Towards the end of his farewell address to Congress, delivered on 19 April 1951, General Douglas MacArthur makes the point that the object of war is victory, "not prolonged indecision." He goes on:
There are some who for varying reasons would appease Red China. They are blind to history’s clear lesson, for history teaches with unmistakable emphasis that appeasement but begets new and bloodier wars. It points to no single instance where this end has justified that means, where appeasement has led to more than a sham peace. Like blackmail, it lays the basis for new and successively greater demands until, as in blackmail, violence becomes the only other alternative.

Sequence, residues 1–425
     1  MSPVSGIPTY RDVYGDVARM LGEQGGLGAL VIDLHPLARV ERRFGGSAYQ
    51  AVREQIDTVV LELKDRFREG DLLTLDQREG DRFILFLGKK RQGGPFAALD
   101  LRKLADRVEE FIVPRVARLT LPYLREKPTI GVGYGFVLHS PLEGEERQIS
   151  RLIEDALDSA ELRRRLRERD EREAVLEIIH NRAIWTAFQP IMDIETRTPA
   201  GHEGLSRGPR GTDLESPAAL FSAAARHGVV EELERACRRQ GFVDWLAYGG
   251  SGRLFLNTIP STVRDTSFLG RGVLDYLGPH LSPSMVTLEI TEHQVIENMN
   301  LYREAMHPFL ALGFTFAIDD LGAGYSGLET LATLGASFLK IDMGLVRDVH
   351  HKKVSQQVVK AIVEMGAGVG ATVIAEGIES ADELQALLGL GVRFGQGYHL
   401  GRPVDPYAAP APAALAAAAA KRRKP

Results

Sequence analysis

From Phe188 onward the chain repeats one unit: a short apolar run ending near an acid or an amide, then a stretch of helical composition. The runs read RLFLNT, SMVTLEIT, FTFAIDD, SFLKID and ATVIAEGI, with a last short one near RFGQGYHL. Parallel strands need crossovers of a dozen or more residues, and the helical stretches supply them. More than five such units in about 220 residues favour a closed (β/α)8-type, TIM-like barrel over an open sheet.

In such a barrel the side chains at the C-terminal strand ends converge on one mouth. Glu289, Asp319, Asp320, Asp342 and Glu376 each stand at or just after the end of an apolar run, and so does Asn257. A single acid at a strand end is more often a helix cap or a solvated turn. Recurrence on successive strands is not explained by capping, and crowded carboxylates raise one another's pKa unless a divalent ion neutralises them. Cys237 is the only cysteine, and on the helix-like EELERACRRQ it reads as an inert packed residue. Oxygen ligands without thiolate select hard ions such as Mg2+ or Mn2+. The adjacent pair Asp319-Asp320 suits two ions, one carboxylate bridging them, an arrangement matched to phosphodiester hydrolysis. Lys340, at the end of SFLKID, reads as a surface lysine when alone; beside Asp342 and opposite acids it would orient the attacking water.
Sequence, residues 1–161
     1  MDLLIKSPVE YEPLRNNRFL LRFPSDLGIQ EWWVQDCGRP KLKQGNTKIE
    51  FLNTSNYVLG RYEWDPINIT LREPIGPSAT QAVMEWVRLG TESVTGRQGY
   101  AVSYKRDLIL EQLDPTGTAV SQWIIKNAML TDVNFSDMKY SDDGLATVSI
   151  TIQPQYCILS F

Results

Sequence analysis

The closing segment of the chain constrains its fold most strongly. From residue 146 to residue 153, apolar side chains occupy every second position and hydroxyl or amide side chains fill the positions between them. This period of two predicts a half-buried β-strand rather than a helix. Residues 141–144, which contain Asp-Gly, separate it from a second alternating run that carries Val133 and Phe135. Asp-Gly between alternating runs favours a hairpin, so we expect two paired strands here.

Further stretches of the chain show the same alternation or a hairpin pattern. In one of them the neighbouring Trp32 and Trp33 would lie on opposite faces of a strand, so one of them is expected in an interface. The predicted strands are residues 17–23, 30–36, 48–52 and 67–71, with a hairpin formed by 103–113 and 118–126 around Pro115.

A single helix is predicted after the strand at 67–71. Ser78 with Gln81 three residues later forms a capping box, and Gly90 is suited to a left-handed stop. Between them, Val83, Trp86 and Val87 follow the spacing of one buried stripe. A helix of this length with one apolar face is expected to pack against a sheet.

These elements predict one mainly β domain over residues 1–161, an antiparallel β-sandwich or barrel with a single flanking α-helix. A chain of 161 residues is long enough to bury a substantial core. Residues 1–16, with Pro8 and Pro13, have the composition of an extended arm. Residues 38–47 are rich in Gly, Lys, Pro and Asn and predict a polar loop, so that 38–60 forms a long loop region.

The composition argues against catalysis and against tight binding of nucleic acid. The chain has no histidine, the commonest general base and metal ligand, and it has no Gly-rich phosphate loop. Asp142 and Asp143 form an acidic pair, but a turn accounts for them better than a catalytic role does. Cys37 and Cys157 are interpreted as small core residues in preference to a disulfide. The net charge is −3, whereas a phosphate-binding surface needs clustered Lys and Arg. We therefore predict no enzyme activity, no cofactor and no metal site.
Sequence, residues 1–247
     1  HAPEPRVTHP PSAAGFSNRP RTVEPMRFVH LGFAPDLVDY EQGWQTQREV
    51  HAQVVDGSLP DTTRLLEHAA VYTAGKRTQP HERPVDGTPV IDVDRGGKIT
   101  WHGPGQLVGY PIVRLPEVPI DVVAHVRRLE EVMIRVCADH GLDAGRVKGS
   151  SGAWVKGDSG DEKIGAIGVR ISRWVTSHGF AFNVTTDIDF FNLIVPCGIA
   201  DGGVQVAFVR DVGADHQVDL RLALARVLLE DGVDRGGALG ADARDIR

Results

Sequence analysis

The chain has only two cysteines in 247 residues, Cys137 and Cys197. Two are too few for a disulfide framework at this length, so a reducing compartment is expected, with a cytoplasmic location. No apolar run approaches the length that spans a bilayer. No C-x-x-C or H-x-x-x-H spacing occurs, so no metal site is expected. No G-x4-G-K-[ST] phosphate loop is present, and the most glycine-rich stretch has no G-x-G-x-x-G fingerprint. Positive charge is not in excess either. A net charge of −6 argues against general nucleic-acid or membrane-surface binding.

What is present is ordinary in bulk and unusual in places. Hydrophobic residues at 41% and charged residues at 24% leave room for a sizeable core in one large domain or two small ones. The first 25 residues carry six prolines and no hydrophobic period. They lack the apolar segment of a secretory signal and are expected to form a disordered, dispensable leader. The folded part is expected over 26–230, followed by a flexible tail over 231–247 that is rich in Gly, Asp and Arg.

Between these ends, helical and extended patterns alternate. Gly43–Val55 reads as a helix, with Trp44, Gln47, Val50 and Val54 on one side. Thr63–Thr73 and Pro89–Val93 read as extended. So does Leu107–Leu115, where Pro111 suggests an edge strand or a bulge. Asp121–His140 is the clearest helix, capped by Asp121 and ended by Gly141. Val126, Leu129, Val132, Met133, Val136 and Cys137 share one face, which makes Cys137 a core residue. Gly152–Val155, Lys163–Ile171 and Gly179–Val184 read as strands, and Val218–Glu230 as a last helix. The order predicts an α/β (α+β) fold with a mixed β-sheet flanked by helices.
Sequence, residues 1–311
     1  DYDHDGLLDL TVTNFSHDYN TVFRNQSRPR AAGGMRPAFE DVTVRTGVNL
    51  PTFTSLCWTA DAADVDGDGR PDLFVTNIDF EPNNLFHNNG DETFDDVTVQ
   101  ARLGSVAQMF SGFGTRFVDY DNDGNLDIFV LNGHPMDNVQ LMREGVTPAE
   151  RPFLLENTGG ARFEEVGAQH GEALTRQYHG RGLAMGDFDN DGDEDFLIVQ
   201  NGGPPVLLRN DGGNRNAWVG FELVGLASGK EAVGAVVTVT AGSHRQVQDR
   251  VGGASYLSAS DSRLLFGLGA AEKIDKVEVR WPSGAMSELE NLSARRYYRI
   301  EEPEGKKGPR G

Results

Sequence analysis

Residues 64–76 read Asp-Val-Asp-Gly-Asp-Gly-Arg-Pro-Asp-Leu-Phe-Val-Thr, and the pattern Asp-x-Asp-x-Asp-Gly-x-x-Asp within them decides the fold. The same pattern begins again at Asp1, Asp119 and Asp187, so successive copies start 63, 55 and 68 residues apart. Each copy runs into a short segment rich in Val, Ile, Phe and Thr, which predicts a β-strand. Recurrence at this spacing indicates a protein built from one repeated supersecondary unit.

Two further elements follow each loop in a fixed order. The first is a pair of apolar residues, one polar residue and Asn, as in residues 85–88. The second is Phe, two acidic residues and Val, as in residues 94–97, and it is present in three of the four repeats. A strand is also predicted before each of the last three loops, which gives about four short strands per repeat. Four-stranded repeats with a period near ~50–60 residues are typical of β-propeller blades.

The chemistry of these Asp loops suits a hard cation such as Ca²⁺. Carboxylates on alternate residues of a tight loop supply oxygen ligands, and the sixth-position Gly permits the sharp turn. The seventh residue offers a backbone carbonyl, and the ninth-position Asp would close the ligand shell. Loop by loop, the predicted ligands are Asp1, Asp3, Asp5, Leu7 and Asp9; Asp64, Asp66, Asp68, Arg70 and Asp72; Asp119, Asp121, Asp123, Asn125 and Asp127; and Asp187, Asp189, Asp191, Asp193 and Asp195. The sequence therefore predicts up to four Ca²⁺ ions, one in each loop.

Throughout the address, MacArthur emphasizes that he is a soldier whose view of war is different from that of a politician. MacArthur and his President Harry S. Truman frequently disagreed with each other. In this passage, he makes his case clearly and forcefully. Victory ends wars. Appeasement merely postpones them, and the...
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